Spotlight On Gluteus Medius

Spotlight On Gluteus Medius

Gluteus Medius: A Valuable Pelvis And Lower Extremity Stabiliser

Like gluteus minimus (often referred to as simply glute min) gluteus medius (glute med) is located on the lateral aspect of the upper buttock area and is a broad fan shaped muscle narrowing towards its insertion. Along with glute min it is functionally an important muscle in helping maintain trunk stability in upright postures such as walking, running and other single leg weight-bearing movements.

Glute Med Anatomy

The origin of glute medius is from the lateral (outer) surface of the ilium, where it radiates out from here as the muscle fibers ultimately converge into a flattened tendon that inserts on the lateral surface of the greater trochanter of the femur. It is supplied by the superior gluteal nerve which arises from contributions from the L4- S1 nerve roots. As mentioned above, similar to glute min, glute med is of a fan shaped appearance and the actions of the muscle are to work to assist, or produce namely abduction and also rotation and extension movements of the hip.

The Function Role Of Gluteus Medius

The function of glute medius goes beyond its role as a hip abductor. Alongside glute min and TFL, glute med it is an extremely valuable pelvic and lower extremity stabiliser in dynamic activities and postures. Weakness in this trio of muscles (glute min, glute med and TFL) may cause an individual to present with what is call a Trendelenburg sign. A Trendelenburg sign is where the pelvis drops on the opposite side to the side of weakness when adopting single leg stance postures and weakness in these muscles can lead to the development of a Trendelenburg gait.  Trendelenburg gait results from a unilateral (one sided) weakness of glute med and is a form of trunk compensation where the pelvis tilts downwards instead of upwards on the non-weight bearing side and in an attempt to lessen this effect, the individual compensates by tilting the trunk away from the affected hip. This lateral tilt of the trunk works to place the persons center of gravity mostly on the stance limb which aims to causing a reduction of the pelvic drop. A Trendelenburg gait will generally only result from significant weakness in these gluteal muscles owing to paralysis/paresis of the hip abductors and conditions like a dislocation of the hip or slipped capital femoral epiphysis. This can pattern can also present due to the surgical dissection of the gluteus medius muscle necessary during hip surgery such as having hip replacement surgery.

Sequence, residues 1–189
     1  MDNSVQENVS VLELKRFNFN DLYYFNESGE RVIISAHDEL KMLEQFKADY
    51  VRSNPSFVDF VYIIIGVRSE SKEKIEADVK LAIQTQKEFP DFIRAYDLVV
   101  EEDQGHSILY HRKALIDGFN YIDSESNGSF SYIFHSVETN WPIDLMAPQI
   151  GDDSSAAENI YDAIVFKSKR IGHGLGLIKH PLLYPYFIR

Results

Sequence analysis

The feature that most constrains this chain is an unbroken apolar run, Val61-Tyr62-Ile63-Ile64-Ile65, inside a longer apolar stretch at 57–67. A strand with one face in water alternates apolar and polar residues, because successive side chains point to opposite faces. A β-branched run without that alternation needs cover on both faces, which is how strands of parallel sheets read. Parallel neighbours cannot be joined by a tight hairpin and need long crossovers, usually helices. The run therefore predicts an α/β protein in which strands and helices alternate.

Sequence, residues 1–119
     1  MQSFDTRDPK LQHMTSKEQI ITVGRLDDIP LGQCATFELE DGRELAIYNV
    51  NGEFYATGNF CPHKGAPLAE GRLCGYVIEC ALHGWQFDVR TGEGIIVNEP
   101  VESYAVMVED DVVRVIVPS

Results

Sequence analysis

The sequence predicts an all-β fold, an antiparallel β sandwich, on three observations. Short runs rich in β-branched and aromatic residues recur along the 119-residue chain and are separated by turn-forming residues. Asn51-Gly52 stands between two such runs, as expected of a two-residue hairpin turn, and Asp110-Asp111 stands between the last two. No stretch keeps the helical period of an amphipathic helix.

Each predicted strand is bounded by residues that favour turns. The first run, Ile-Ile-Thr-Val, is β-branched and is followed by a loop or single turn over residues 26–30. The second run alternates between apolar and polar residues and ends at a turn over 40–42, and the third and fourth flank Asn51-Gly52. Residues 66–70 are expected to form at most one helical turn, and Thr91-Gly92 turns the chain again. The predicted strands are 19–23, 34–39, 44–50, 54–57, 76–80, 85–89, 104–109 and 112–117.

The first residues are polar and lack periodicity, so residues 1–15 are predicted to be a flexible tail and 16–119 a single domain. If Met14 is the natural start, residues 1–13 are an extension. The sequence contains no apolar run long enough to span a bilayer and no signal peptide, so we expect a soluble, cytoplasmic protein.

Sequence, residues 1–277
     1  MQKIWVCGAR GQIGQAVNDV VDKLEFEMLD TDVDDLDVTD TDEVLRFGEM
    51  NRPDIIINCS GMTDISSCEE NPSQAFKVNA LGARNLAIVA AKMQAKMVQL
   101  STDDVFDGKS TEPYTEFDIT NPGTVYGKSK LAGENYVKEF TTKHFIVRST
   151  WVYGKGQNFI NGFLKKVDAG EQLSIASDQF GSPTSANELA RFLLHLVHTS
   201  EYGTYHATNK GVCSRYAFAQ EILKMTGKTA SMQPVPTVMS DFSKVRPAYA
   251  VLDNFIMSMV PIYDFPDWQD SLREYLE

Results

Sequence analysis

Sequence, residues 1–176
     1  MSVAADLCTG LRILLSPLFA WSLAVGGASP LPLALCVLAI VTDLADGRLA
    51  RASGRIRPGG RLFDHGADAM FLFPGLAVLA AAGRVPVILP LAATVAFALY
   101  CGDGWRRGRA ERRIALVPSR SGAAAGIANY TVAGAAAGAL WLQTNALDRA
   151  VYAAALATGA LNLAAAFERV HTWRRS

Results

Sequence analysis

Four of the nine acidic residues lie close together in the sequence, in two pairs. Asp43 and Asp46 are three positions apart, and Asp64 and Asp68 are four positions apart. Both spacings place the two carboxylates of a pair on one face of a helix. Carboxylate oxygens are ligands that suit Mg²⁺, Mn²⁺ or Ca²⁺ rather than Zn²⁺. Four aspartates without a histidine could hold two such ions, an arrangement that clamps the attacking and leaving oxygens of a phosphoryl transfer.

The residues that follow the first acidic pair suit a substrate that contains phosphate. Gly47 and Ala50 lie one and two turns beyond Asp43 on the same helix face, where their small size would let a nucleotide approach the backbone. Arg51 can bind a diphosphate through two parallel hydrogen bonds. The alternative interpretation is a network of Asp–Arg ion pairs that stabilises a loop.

Weakness And Musculoskeletal Conditions

Weakness in gluteus medius is frequently considered to be associated with several lower-limb musculoskeletal conditions. Considering that the role of the glute medius during activities such as running is to dynamically stabilize the pelvis working to help keeping the pelvis in a neutral position when load is placed on a single leg. It is fairly easy to see, that failure to maintain pelvis stability through glute medius weakness could be a trigger, or contributor for several pathologies, such as ITB syndromes, patellofemoral complaints, ACL injuries, as well as ankle injuries.

Disclaimer: Sydney Physio Clinic provides this information as an educational service and is not intended to serve as medical advice. Anyone seeking specific advice or assistance on Spotlight On Gluteus Medius should consult his or her personal trainer, physiotherapist, general practitioner or other appropriately skilled practitioner.